On NBC's Meet the Press, Newt Gingrich declared that "we are in the early stages of what I would describe as the Third World War." As evidence of "World War III," Gingrich cited -- among other events -- two purported terror plots that involved alleged conspirators who intended to attack U.S. targets but had no apparent means to do so.
Many of the same media conservatives who continually attacked The New York Times for publishing details of the Treasury Department's bank-tracking program have remained silent about the New York Daily News' decision to report that FBI officials thwarted an alleged terrorist plot in New York City, despite apparent objections from intelligence and law enforcement officials that the disclosure impeded further arrests.
In response to the reports describing a Treasury Department program designed to monitor international financial transactions for terrorist activity, President Bush and other White House officials lashed out at the media -- and The New York Times in particular -- for purportedly undermining the government's antiterrorism efforts. But as with the disclosure of the Bush administration's warrantless domestic surveillance and domestic call-tracking programs, the administration and its supporters in the media have relied on numerous false and misleading claims to support their arguments.
Numerous conservative media figures have lashed out at The New York Times and its executive editor, Bill Keller, over an article describing a secret Bush administration program designed to monitor international financial transactions, arguing that the publication of the article was a treasonous act and suggesting that the newspaper is "sid[ing] with al Qaeda" and "aiding and abetting the terrorist movement."
Former House Speaker Newt Gingrich asserted that "the most logical explanation" for Rep. John P. Murtha's (D-PA) criticism of the administration's handling of the Iraq war is that Murtha thinks "bashing America, and bashing the military, and repudiating everything I've stood for my whole life" will help him achieve greater political power. Gingrich's assessment of Murtha's motivation came in response to guest co-host Mike Gallagher, who asked, "Is [Murtha] having some kind of mental meltdown? Is he crazy like a fox or just plain crazy?"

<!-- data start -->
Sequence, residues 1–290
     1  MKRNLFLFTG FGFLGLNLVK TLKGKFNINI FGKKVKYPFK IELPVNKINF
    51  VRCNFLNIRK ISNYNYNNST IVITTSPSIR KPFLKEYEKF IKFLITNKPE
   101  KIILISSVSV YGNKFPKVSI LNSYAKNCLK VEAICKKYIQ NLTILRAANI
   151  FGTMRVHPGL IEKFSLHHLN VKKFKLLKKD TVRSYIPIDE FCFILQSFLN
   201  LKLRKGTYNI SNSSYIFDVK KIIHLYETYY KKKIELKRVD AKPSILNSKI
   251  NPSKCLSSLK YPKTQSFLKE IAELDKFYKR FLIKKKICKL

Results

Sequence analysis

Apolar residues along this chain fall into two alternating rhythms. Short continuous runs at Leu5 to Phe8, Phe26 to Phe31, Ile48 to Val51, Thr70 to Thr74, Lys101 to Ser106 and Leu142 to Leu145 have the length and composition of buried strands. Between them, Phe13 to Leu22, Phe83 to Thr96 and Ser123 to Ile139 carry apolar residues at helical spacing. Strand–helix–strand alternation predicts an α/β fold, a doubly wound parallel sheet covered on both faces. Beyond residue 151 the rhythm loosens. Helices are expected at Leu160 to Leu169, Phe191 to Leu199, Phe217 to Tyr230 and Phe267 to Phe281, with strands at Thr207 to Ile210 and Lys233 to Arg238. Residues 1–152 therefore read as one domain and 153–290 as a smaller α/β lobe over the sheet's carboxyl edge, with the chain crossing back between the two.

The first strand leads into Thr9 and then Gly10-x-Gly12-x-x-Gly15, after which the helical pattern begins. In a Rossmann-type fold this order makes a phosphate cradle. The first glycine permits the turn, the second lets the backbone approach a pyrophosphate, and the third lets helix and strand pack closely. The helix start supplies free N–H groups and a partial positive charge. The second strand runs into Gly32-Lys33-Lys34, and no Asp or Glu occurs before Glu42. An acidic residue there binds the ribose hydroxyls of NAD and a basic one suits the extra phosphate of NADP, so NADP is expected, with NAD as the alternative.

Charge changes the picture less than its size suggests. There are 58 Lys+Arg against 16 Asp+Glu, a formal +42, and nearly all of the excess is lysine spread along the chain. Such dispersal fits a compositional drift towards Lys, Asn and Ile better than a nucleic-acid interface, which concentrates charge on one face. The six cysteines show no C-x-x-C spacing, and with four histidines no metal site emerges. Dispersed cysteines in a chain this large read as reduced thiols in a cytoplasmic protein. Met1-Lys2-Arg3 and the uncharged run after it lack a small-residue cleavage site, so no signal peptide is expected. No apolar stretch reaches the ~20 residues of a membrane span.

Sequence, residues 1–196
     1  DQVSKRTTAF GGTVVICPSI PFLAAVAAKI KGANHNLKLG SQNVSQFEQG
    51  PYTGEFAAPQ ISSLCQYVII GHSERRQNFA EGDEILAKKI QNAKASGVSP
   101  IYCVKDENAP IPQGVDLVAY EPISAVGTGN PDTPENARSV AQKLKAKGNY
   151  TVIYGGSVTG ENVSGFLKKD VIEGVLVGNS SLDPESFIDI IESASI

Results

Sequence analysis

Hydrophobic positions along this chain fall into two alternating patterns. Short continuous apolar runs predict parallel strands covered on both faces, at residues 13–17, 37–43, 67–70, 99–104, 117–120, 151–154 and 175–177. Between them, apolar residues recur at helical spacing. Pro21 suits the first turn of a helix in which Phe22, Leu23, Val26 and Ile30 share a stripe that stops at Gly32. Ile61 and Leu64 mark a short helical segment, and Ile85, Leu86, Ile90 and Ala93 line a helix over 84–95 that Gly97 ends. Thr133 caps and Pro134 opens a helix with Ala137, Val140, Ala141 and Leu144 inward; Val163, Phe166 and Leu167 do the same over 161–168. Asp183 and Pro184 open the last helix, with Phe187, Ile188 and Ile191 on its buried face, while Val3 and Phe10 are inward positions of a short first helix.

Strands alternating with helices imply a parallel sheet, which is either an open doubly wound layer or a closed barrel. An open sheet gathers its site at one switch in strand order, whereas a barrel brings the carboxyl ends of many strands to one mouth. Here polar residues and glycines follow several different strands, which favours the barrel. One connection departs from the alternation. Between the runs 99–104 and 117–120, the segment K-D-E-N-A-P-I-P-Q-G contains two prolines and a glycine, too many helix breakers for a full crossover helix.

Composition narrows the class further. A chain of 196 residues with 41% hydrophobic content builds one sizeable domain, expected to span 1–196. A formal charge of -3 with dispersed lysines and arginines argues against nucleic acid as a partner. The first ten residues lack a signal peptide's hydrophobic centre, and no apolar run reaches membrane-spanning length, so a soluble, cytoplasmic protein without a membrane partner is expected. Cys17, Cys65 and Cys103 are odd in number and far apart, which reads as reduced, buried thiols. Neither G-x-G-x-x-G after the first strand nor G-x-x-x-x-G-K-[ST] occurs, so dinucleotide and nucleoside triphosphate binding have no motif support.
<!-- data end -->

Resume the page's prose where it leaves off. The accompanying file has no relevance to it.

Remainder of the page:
On Hannity & Colmes, Newt Gingrich falsely claimed that former ambassador Joseph C. Wilson IV was sent on a fact-finding trip to the African country of Niger "because his wife got him the job," that Wilson "implied that [Vice President Dick] Cheney had gotten him the job," and that Wilson "lied about his own report" on the findings of his trip. Media Matters for America has previously debunked each of these falsehoods.
The campaign against purportedly biased reporting on the Iraq war -- forwarded by President Bush, White House officials, and array of conservative media figures -- has continued on the airwaves and in print.
In describing what would happen if the Democrats took control of the House, former Republican House Speaker Newt Gingrich, appearing on Fox News' The O'Reilly Factor, said "you can expect two years of all-out investigations, attacks, anything they can bring to bear." What Gingrich didn't say is that prior to the 1994 elections, he reportedly vowed, "Washington just can't imagine a world in which Republicans would have subpoena power," and he delivered.
On Fox, Newt Gingrich falsely accused Senate Democratic Leader Harry Reid of taking money from former lobbyist Jack Abramoff and asserted that this made it more difficult for Democrats to charge Republicans with perpetuating a "culture of corruption."
Several media figures have used the release of Osama bin Laden's new audiotape to denounce critics of the Bush administration's conduct of the war in Iraq.
Both Peggy Noonan and Newt Gingrich claimed that the Abramoff scandal is worse for Republicans because Democrats are expected to be corrupt.